Organic light-emitting diodes (OLEDs) are expected to revolutionize the screens used on computers, televisions, and other electronic devices. Two University of Rochester chemists, one of whom invented the OLED, are now trying to give them a role in the next generation of energy-efficient lighting.
While OLEDs are giving consumers brighter and faster electronic displays, a great deal of light is wasted within each diode. "Right now," said Chemistry Professor Lewis Rothberg, "Eighty percent of the light is trapped within the diode." Rothberg is working with Ching Tang, who invented the OLED while employed at Eastman Kodak Company, to drastically improve the light-emitting performance of the diodes.
The U.S. Department of Energy has awarded the researchers $1.3 million dollars for a three-year effort to increase the light output of OLEDs by 3 1/2 times. It's one of eight grants being distributed nationally to help develop the next generation of high-efficiency, solid-state lighting technologies.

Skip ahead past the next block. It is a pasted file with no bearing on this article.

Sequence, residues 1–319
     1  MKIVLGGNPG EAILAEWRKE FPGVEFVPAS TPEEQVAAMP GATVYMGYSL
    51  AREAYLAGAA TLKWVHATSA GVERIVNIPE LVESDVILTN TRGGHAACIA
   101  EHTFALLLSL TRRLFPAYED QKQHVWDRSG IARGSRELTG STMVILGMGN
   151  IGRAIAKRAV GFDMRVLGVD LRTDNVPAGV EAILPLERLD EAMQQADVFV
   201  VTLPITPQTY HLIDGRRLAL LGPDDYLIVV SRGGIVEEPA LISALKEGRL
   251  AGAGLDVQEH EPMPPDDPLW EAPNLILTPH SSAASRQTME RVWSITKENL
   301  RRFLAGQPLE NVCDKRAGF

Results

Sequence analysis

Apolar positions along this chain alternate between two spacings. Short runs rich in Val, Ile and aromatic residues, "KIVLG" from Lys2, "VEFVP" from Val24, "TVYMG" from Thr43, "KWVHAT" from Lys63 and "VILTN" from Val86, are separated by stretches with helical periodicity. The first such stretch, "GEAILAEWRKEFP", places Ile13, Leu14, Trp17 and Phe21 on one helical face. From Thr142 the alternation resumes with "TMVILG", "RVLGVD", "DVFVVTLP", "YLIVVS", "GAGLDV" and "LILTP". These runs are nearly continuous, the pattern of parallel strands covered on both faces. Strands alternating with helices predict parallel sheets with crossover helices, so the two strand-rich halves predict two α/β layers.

Rothberg and Tang, the Doris Johns Cherry Professor of Chemical Engineering and Professor of Chemistry, will try to make the light within OLEDs scatter randomly, with most of it being captured by metal rods within the diodes. If they are successful, OLEDs could one day replace fluorescent and incandescent bulbs in homes and workplaces.
The Rochester scientists are partnering with eMagin, a virtual imaging company with a manufacturing facility located in Fishkill, N.Y.